Among the 100 senators are a few who might harbor presidential ambitions (we’re lookin’ at you, Sens. Rubio, Cruz, Paul, Warner, Warren, et al).
A new book by journalist John Shaw, “JFK in the Senate: Pathway to the Presidency,” examines an often overlooked chapter in the life of President John F. Kennedy — and offers a playbook that those eyeing the other end of Pennsylvania Avenue might find useful. Here are five lessons that a would-be presidential candidates now serving in the Senate might draw from JFK’s example.
1) Don’t wait for gray hair. Running for president doesn’t get easier the longer you serve in the Senate. JFK was 43 when he took office. And though he was dinged for being a young man in a hurry (a New York Times headline from 1958 was “Kennedy: Good Man Moving Too Fast,” Shaw notes), he didn’t listen to the criticism.
2) Use the Senate. The upper chamber can be a great platform for a presidential candidate, and JFK used his time in the Senate as a “policy training ground and a political launching pad,” Shaw writes. He worked on his political skills, significantly improving his oratory, in particular. “I can’t afford to sound just like any other senator,” he once said.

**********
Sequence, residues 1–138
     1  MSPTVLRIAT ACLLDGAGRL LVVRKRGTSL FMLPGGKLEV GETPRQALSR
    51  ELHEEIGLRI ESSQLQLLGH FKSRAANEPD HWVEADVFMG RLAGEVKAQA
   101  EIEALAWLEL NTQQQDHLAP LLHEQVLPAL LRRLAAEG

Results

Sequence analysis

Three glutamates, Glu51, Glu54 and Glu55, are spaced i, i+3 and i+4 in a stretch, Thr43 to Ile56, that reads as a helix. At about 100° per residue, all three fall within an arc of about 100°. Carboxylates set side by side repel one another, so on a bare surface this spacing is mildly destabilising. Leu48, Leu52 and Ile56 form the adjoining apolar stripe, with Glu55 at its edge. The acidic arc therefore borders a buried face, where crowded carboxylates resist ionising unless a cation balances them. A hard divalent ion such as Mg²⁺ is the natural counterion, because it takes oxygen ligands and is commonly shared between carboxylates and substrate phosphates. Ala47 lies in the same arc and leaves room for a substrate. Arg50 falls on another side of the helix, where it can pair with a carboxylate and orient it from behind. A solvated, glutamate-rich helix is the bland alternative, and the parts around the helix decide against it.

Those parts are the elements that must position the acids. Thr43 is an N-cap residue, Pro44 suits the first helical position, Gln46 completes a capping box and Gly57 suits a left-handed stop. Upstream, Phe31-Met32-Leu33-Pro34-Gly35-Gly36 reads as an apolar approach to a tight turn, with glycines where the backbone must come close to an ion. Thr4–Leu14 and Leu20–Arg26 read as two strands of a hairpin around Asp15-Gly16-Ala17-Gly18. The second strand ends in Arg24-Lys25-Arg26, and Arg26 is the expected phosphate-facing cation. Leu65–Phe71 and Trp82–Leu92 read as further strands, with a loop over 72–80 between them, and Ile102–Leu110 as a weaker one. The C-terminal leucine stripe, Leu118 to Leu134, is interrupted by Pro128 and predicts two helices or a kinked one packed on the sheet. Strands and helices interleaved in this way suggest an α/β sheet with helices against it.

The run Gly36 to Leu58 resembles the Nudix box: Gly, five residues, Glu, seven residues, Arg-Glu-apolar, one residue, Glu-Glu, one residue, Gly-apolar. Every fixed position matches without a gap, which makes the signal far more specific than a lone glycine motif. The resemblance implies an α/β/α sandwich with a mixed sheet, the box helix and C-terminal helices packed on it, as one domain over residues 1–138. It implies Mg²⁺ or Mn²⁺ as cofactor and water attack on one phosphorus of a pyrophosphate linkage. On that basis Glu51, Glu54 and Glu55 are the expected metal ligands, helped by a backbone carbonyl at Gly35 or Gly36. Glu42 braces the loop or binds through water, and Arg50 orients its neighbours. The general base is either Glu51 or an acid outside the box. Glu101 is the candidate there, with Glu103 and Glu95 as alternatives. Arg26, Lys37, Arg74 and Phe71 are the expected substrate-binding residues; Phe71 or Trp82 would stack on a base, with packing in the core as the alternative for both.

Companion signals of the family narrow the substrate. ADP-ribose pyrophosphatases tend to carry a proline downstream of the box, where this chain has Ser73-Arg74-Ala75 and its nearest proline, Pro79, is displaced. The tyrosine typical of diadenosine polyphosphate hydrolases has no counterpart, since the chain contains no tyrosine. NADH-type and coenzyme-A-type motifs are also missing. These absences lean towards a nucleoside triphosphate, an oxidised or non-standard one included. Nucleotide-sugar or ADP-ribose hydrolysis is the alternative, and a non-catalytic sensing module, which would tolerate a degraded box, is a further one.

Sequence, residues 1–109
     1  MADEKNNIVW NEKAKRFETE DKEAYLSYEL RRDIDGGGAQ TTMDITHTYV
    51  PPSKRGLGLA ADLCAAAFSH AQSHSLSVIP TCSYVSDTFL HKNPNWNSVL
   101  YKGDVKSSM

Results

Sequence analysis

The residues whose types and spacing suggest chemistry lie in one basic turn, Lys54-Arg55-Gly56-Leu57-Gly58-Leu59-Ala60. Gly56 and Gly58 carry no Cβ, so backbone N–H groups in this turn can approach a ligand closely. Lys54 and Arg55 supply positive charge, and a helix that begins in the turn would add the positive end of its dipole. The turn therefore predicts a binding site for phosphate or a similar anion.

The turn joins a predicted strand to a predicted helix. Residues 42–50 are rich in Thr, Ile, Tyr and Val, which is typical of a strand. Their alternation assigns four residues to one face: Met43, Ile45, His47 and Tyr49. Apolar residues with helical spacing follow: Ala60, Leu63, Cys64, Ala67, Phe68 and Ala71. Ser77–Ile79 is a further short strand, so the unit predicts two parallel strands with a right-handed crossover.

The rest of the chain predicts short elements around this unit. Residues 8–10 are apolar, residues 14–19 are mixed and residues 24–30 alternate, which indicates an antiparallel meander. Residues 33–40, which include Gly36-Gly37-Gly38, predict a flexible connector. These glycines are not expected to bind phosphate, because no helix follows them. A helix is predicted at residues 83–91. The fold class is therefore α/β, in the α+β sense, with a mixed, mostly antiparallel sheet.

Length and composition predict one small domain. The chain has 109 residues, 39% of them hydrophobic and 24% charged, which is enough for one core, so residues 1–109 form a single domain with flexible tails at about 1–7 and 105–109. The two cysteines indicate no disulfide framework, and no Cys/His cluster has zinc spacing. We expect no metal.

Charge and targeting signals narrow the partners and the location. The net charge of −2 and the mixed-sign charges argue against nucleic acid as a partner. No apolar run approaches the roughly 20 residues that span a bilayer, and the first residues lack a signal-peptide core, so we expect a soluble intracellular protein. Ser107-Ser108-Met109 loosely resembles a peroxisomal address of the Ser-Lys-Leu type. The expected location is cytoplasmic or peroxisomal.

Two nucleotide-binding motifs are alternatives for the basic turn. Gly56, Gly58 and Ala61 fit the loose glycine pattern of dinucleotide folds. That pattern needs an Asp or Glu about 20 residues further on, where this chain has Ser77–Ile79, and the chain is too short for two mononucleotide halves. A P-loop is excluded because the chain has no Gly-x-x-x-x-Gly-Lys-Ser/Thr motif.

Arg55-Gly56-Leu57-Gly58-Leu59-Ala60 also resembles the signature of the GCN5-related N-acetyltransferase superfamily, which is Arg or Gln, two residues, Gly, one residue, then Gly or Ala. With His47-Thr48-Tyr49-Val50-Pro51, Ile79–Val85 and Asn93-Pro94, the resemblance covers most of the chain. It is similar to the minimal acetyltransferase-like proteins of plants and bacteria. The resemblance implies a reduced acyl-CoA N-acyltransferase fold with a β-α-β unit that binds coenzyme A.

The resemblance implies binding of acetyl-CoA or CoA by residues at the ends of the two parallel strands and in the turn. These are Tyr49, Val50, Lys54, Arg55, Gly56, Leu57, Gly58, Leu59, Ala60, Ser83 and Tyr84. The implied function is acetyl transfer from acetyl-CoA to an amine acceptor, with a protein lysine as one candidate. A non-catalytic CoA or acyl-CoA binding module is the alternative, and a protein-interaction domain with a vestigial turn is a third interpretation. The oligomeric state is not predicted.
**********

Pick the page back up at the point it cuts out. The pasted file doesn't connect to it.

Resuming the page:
3) Don’t be an insider. Don’t get too involved in the fickle institution’s day-to-day management. It takes too much time, and you get blamed when good ideas get stalled in the Senate (and they always will). Of Kennedy’s eight years in the Senate, fellow senator Hubert Humphrey observed: “John Kennedy never made his life in the Senate, as such. He worked in the Senate.”
4) Don’t look back. An ambivalent, conflicted senator never wins the White House. Forget your Senate attendance record.
5) Enjoy it. JFK often said that “the margin is awfully small’ between winners and losers in politics, “like it is in life.” He also said running for president can be a blast. “How could it be more fascinating to run for president under the obstacles and hurdles that are before me?” he wondered in January 1960.